Fans of vintage baseball photography are licking their chops over a new book featuring more photographs from the archives of Charles M. Conlin.
Conlon turned out massive quantities of striking black and white images from the first half of the 20th century. His work has been the subject of books, baseball card sets and obsessive hunts by collectors looking for first generation images.
Conlon took about 30,000 baseball photos from 1904 to 1942. In The Big Show: Charles M. Conlon’s Golden Age Baseball Photographs, what the publisher describes as “soulful, striking shots of Babe Ruth, Joe DiMaggio, and hundreds of other major leaguers are paired with captions meticulously based on contemporary reports and quotes from the players themselves”.
In their own words, colorful characters spill the beans about famous scandals, divulge quirky characteristics, and tell little-known stories.
Conlon’s photographs were first celebrated in book form in 1993 when Baseball’s Golden Age was published. Research in the Conlon Collection of the Sporting News later more of his work. The new book puts little known players, together with Hall of Famers, management, trainers, ballboys, fans and others to create a window to the world of baseball as it was before air travel became common place and color photography took over.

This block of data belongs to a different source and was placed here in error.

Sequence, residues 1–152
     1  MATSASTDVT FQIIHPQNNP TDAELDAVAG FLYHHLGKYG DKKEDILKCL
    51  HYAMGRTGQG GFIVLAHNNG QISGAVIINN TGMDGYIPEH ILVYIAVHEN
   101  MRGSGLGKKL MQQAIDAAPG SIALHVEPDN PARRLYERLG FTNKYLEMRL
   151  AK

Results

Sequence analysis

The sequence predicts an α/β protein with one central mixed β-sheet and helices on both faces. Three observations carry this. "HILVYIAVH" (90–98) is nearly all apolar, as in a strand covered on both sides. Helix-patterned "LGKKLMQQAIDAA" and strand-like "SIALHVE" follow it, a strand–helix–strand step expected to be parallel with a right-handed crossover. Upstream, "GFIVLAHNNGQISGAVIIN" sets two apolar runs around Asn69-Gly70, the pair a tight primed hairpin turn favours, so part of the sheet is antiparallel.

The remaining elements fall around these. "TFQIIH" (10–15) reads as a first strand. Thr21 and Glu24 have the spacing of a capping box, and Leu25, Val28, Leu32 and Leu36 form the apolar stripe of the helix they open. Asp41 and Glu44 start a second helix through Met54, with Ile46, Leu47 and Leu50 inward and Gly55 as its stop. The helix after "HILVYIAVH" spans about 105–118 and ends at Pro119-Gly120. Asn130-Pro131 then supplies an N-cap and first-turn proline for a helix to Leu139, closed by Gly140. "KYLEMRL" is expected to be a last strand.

“Conlon took photographs of everybody- those up for a cup of coffee as well as the players he saw every year. If the negative was sharp, that seemed to have more bearing on whether that print was published, than how important the player was,” wrote one reviewer. “How much you enjoy this book may depend somewhat on whether you have an affinity for trivia on arcane figures from baseball’s past.”
Another writes, “In these pages you will find pictures of the well-knowns, like Babe Ruth, Joe DiMaggio, and Rogers Hornsby, and those you have likely never heard of before, like Buddy Gremp, Al Spohrer, and Jackie Hayes. Most are players, but there are also umpires, managers, and a traffic control officer at a Yankees game. You will find Kid Nichols at the end of his career, Amos Rusie in a picture from after his career had ended, and DiMaggio as a rookie.”
“One of my favorite parts of the book is how the subjects on facing pages often complement each other. Several times we get a set like on pages 66 and 67, one of a young Hank Gowdy in 1911, the other of a veteran Gowdy in 1936 as a coach. We also get sets of Vince DiMaggio and brother Joe on facing pages, both from 1937. There’s Herb Pennock in 1916 facing a Pennock from 1934. And, another favorite, the Bob Feller of 1937 across from the Walter Johnson of 1916. Sheer joy.”
The book is written by Neal and Constance McCabe with a forward by Roger Kahn. The Big Show: Charles M. Conlon’s Golden Age Baseball Photographs was published by Abrams. You can read more about it–and order it–here at Amazon.com.